On August 25, 2010, the Securities and Exchange Commission (SEC) voted 3 to 2 to adopt significant changes to the federal proxy and other rules to facilitate director nominations by shareholders (known as "proxy access" rules). Relying on the SEC's authority under the recently passed Dodd-Frank Wall Street Reform and Consumer Protection Act, the new rules will require companies to include the names of shareholder board nominees on their proxy ballots if certain conditions are met. Below is a summary of the proxy access rules.
Rule 14a-11: Rule 14a-11 applies to all companies subject to the proxy rules, including investment companies and controlled companies, but will not apply to "debt-only" companies. Rule 14a-11 will apply only when applicable state or foreign law or a company's governing documents do not prohibit shareholders from nominating a candidate for election as a director. The new rules will be effective 60 days following publication in the Federal Register; however, the effective date will be deferred for three years for all Smaller Reporting Companies (companies with a public float of less than $75 million).
Shareholder Eligibility: A shareholder or group of shareholders will be eligible for access to the company's proxy materials if they satisfy an ownership threshold of at least 3 percent of the voting power of the company's securities entitled to be voted at the meeting. Shareholders will be able to aggregate their shares to meet the threshold. Under Rule 14a-11, the nominating shareholder or nominating shareholder group (referenced herein as Nominating Shareholder) must hold both investment and voting power of the securities, either directly or through any person acting on their behalf, and short sold securities not closed out and borrowed securities must be deducted from the amount of securities that may be counted towards the required ownership threshold.
In addition, the Nominating Shareholder must have continuously owned the securities that satisfy the ownership requirement for at least three years as of the date the Nominating Shareholder submits notice of its intent to use Rule 14a-11 on SEC filed Schedule 14N. Further, the Nominating Shareholder must continue to hold those securities through the date of the shareholder meeting at which directors are to be elected and provide disclosure concerning their intent with regard to continued ownership of the securities after the election of directors. The Nominating Shareholder must provide proof of ownership of the amount of securities that are used for purposes of satisfying the ownership and holding period requirements. Such shareholders may not be holding the company's securities with the purpose, or with the effect, of changing control of the company or to gain a number of seats on the board of directors that exceeds the maximum number of nominees that the company could be required to include under Rule 14a-11, and may not have a direct or indirect agreement with the company regarding the nomination of the nominee or nominees prior to filing the Schedule 14N.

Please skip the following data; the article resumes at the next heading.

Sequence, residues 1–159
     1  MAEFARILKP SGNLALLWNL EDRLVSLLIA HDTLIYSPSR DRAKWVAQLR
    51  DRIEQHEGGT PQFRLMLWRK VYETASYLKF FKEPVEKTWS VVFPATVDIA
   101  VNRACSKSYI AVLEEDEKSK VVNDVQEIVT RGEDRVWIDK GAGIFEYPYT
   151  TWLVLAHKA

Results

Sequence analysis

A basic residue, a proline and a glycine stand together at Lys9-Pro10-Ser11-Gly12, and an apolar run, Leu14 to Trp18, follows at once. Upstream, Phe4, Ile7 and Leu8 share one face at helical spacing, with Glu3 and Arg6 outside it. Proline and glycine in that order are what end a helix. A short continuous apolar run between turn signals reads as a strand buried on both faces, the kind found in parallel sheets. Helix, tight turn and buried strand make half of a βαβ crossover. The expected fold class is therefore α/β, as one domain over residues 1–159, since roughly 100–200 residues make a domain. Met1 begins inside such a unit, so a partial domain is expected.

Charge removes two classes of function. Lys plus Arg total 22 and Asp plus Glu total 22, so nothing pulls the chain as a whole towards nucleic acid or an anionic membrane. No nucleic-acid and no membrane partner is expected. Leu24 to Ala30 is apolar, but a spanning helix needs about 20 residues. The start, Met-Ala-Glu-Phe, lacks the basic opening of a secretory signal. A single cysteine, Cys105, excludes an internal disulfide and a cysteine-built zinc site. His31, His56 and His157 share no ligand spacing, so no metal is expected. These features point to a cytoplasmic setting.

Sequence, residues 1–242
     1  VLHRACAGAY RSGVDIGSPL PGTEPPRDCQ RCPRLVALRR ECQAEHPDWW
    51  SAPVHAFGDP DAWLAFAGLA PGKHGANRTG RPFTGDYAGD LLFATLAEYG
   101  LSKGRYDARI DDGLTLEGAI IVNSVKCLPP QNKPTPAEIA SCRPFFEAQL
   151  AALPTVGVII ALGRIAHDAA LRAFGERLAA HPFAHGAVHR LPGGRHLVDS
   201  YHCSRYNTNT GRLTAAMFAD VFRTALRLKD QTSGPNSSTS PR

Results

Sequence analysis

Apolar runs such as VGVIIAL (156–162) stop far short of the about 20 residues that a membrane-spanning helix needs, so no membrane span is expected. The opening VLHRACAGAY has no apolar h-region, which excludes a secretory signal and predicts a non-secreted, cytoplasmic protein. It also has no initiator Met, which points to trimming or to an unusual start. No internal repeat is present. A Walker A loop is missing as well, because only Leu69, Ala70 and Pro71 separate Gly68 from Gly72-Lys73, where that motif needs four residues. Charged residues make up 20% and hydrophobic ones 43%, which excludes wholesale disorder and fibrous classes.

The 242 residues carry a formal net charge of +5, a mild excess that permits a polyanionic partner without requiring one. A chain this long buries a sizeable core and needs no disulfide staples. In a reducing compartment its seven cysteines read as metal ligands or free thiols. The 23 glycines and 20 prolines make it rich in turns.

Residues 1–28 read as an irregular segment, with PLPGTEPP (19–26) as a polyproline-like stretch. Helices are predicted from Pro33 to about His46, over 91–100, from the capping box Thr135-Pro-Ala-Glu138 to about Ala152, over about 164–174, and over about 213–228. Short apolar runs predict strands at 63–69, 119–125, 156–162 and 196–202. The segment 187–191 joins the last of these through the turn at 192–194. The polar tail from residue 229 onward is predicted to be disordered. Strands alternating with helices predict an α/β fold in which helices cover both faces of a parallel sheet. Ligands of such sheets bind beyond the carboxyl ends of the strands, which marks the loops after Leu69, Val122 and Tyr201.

Nominating Shareholder Eligibility — Disclosure Requirements: To be eligible for access to a company's proxy materials, the Nominating Shareholder must comply with disclosure and other requirements. The disclosures must be set forth in a notice to the company on Schedule 14N. The Nominating Shareholder must disclose:
- The amount and percentage of voting power of the company's securities entitled to be voted by the Nominating Shareholder and the length of ownership of those securities.
- Biographical and other information about the Nominating Shareholder and the shareholder nominee(s), similar to the disclosure currently required in a contested election.
- Whether or not the nominee(s) satisfy the company's director qualification, if any (as provided in applicable federal and state law, and applicable listing standards of securities exchanges).
- Certifications that, after reasonable inquiry and based on the Nominating Shareholder's knowledge, the:
- Nominating Shareholder (or each member of the nominating group) is not holding any of the company's securities with the purpose, or with the effect, of changing control of the company or to gain a number of seats on the board of directors that exceeds the maximum number nominees that the company could be required to include under Rule 14a-11.
- Nominating Shareholder otherwise satisfies the requirements of Rule 14a-11, as applicable.
- Nominee(s) satisfy the requirements of Rule 14a-11, as applicable.
- A statement that the Nominating Shareholder (or each member of the nominating group) will continue to hold the qualifying amount of securities through the date of the meeting and a statement with regard to the Nominating Shareholder's intended ownership of the securities following the election of directors (which may be contingent on the results of the election of directors).